Feel-Good Friday: Ruby Foster's Unique Role Helps to Make 'Miracles For Kids' Happen

Screenshot from video interview with Ruby Foster-Development Manager for Miracles for Kids. Credit: Jennifer Oliver O'Connell, used with permission

Ruby Foster is a lovely young woman who works as a development manager for Miracles for Kids, a California non-profit which empowers individuals and communities to “be the miracle” for families with critically-ill children, by supporting the struggling parents and surrounding the siblings in that family with additional care and comfort.


A development manager for any non-profit is a coveted position that is held by a limited number of Black women. So, Ruby Foster is definitely a Black History trailblazer and the subject of this week’s Feel-Good Friday.

Foster grew up in a military family, and was heavily into sports. She gravitated to non-profits through a connection with the Los Angeles Angels of Anaheim, and she discusses how she found a niche that suited her purpose and mission.

Foster explained so succinctly how Miracles for Kids distinguishes itself among a sea of non-profits with similar missions, and how her role works to build relationships with sponsor organizations, as well as relationships within the community.

Because Foster is like a unicorn in the non-profit world, she could have worked anywhere she wanted. She explains why she specifically wanted to work with Miracles for Kids co-founder Autumn Strier, and make her distinct imprint through this organization, while making an impact in her own backyard.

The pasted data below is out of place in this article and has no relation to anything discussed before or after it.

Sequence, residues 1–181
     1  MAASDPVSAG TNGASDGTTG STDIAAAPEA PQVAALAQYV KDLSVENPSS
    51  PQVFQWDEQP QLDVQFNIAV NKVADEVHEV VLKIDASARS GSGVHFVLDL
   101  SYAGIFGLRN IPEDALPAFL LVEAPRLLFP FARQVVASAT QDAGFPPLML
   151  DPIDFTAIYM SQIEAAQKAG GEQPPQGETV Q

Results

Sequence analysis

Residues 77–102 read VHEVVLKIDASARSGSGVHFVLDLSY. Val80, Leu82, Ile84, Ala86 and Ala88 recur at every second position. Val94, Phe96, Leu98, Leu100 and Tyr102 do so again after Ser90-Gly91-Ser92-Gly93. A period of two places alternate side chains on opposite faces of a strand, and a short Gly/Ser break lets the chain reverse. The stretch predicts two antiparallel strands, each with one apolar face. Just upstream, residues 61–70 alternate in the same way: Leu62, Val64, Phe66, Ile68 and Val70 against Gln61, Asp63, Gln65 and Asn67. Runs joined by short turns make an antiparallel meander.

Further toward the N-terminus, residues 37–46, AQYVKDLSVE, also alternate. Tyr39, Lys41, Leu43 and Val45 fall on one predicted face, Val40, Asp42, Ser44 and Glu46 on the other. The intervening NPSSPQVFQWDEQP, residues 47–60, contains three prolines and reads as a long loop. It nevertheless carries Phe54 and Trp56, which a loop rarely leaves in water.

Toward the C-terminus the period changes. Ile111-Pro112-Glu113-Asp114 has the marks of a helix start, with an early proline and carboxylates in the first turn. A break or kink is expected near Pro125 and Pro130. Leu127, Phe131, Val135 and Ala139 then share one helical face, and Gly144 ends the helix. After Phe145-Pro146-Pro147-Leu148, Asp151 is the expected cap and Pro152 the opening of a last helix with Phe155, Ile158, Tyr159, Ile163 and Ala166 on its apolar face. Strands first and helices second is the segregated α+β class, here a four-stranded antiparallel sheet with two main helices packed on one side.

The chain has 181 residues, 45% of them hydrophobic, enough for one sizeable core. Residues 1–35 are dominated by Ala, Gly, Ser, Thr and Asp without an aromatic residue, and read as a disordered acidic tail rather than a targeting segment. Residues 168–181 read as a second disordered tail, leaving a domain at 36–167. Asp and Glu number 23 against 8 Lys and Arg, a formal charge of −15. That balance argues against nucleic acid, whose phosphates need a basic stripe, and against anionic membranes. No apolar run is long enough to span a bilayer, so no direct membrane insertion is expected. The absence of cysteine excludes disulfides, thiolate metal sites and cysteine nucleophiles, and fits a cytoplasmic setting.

Foster also introduced me to a phrase that I really liked: “If you can see her, you can be her.” Alluding to the fact that women, and especially Black women in unique roles have the power to inspire and instill vision in others that might not otherwise have occurred.

This has been my experience as a Black Yoga instructor, and it’s valid.

Representation does matter.

Miracles for Kids acts as a back up for families struggling under the weight and devastation of a child who has been diagnosed with a critical illness. Bills do not stop when a medical tragedy hits; if anything, they increase. Miracle for Kids helps to keep the lights on, the water running, and they do a whole lot more, as Foster concisely laid out:


We brought the discussion around to inspirations, and Foster’s parents are hers. Foster is a shining example of how work ethic and a sense of purpose are taught, and how parents do the work of instilling that into us.

When Foster talked about her work with the families, her beautiful, radiant smile and sharp eyes became even more brilliant. We discussed examples and archetypes from Black History, as well as the importance of patriarchal focus. Just like representation matters, so do the men who lead our families and our communities.

Ruby Foster is fulfilling her purpose and mission, and making a difference in the lives of children; one family at a time. Miracles for Kids is blessed to have her, and it was a pleasure to interview her.

To discover how you might contribute your time, talent, or treasure to Miracles for Kids, visit their website at miraclesforkids.org.



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